Revised adult treatment guidelines focus on NNRTIs

Pediatric guidelines include amprenavir info

Two HIV panels released their updated treatment guidelines early this year, with each reflecting changes in antiretroviral drug therapies.

The 17-member International AIDS Society, in its updated recommendations published in JAMA, acknowledged that a greater availability of new antiretroviral drugs has expanded treatment options for adults, including the use of nonnucleoside reverse transcriptase inhibitors (NNRTIs).1

With so many treatment options now available, treating HIV patients is more of a challenge than ever, says Douglas Richman, MD, a physician at the San Diego Veterans Administration Medical Center and a professor of medicine and pathology at the University of California at San Diego. Richman is a member of the panel that wrote the updated recommendations.

"It’s becoming more and more clear that this is a very complicated field," Richman says. "The use of antiretroviral drugs is at least as complicated as oncology. You can’t provide a simple algorithm for the use of these drugs. It really requires expertise and a fairly significant commitment."

The adult recommendations discuss the three NNRTIs approved in the United States: nevirapine, delavirdine, and efavirenz. The recommendations also discuss the potency of combinations that include efavirenz-lamivudine-zidovudine, nevirapine-zidovudine-didanosine, and delavirdine-zidovudine-lamivudine. The panel says that because of the potential for high-level resistance and cross-resistance, NNRTIs should be only used in regimens that will maximally suppress HIV.1

Also, the panel notes that physicians should consider possible drug-drug interactions between the NNRTI class and protease inhibitors (PIs).

Guidelines touch on resistance testing

The updated guidelines briefly address drug resistance testing, saying only that testing for HIV drug resistance is available and such information may assist physicians in improving patient treatment and reducing antiretroviral cost and toxicity.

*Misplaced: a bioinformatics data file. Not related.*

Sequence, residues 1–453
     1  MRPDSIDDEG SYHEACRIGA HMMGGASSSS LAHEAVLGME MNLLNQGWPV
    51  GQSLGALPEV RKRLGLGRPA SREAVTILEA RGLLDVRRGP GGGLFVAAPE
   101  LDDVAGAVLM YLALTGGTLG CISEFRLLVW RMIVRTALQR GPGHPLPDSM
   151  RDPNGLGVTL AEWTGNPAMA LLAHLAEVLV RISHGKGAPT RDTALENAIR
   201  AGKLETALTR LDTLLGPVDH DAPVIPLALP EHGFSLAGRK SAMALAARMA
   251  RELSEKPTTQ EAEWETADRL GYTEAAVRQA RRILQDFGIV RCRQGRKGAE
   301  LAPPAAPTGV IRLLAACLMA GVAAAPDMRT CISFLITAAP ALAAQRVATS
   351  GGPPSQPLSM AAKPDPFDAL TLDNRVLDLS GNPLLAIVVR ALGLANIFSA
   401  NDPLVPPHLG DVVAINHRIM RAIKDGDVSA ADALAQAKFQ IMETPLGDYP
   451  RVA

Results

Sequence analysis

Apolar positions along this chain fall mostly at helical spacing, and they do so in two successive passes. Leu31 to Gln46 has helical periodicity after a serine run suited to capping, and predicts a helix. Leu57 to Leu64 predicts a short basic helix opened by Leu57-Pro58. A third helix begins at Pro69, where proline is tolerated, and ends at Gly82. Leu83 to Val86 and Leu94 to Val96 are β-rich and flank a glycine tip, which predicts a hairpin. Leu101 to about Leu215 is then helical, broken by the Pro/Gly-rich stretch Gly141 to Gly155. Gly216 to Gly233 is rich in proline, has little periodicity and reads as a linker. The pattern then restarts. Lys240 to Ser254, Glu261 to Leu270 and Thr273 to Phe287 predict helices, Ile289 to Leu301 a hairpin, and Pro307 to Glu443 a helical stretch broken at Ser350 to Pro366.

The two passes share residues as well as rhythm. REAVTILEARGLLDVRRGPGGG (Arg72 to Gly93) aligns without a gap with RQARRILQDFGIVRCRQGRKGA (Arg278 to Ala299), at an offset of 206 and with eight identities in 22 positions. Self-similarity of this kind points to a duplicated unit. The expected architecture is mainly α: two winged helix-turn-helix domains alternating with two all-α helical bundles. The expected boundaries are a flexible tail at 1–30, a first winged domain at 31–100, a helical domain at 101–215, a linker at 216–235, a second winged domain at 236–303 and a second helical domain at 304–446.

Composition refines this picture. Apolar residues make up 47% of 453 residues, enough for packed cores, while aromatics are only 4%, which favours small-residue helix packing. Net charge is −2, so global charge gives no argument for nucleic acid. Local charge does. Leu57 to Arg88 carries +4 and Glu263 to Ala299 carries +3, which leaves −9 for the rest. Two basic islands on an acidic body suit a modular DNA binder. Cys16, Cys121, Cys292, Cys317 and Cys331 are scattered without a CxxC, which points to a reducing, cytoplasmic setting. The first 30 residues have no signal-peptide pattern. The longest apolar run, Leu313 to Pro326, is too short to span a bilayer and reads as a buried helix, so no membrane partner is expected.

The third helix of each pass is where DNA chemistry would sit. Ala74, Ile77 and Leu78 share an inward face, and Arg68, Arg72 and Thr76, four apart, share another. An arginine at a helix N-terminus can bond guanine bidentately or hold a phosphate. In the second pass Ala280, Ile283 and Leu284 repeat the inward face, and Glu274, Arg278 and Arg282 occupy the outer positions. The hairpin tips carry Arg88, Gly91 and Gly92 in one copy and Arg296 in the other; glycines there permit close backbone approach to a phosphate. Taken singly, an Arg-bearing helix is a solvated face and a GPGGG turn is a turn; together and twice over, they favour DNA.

Later this year, there will be another set of consensus guidelines with revised and more detailed recommendations about resistance testing that will be published in JAMA, Richman says.

The guidelines also suggest clinicians may delay treatment initiation in patients who have CD4 cell counts above 500 X 106 /L and HIV RNA levels below 5,000 copies/mL.

In these cases, the guidelines say, patients are at low risk of progressing to AIDS within three years, so other issues should be considered before starting therapy, including patients’ quality of life, adherence, adverse effects, and development of drug resistance.

The consensus on what thresholds to use in determining when to start therapy is more generous now than what it was previously, reflecting the input of the panel’s international physicians, Richman says.

The panel’s recommendations on protease inhibitors includes information about their adverse effects and which forms of the five approved PIs are better tolerated.

"One thing we tried to do is reinforce general principles of using the most effective and reasonable combinations of drugs," Richman says. "We acknowledge there are more drugs and drug combinations to choose from, and physicians can make decisions more individualized."

Physicians treating HIV/AIDS patients now deal with a drug regimen that is at least as complicated as those in oncology practice, Richman adds. "It’s not something people can do in their spare time for a small number of patients."

The revised "Guidelines for the Use of Antiretroviral Agents in Pediatric HIV Infection," were released in January on the Web site of the HIV/AIDS Treatment Information Service (ATIS) at

Pediatric guidelines note use of amprenavir

The guidelines have added information about amprenavir, the drug manufactured under the trade name of Agenerase by Glaxo Wellcome Inc. of Research Triangle Park, NC. Amprenavir, which is available in a liquid formulation, may be used as initial therapy under special circumstances in a combination with two nucleoside reverse transcriptase inhibitors, according to the revised guidelines.2

Physicians should not use amprenavir as initial therapy in children under three years of age because of the lack of data.

The guidelines advise the use of amprenavir in a treatment regimen for children who have failed prior protease inhibitor therapy.

Another addition to the pediatric guidelines is a section on antiretroviral drug resistance testing. The six-paragraph section discusses why resistance testing may be important in monitoring patients’ disease, and it briefly describes genotypic assays and phenotypic assays. However, the guidelines stop short of recommending resistance testing, due in part to the fact that no controlled clinical trials of resistance testing have been performed in children.


1. Carpenter CCJ, Cooper DA, Fischl MA, et al. Antiretroviral therapy in adults: Updated recommendations of the International AIDS Society — USA Panel. JAMA 2000; 283:381-390.

2. Abrams E, Ammann A, Anderson M, et al. Guidelines for the use of antiretroviral agents in pediatric HIV infection. Working Group on Antiretroviral Therapy and Medical Management of HIV-Infected Children convened by the National Pediatric and Family HIV Resource Center, the Health Resources and Services Administration, and the National Institutes of Health. ATIS Web site [www.hivatis. org]. January 7, 2000:1-61.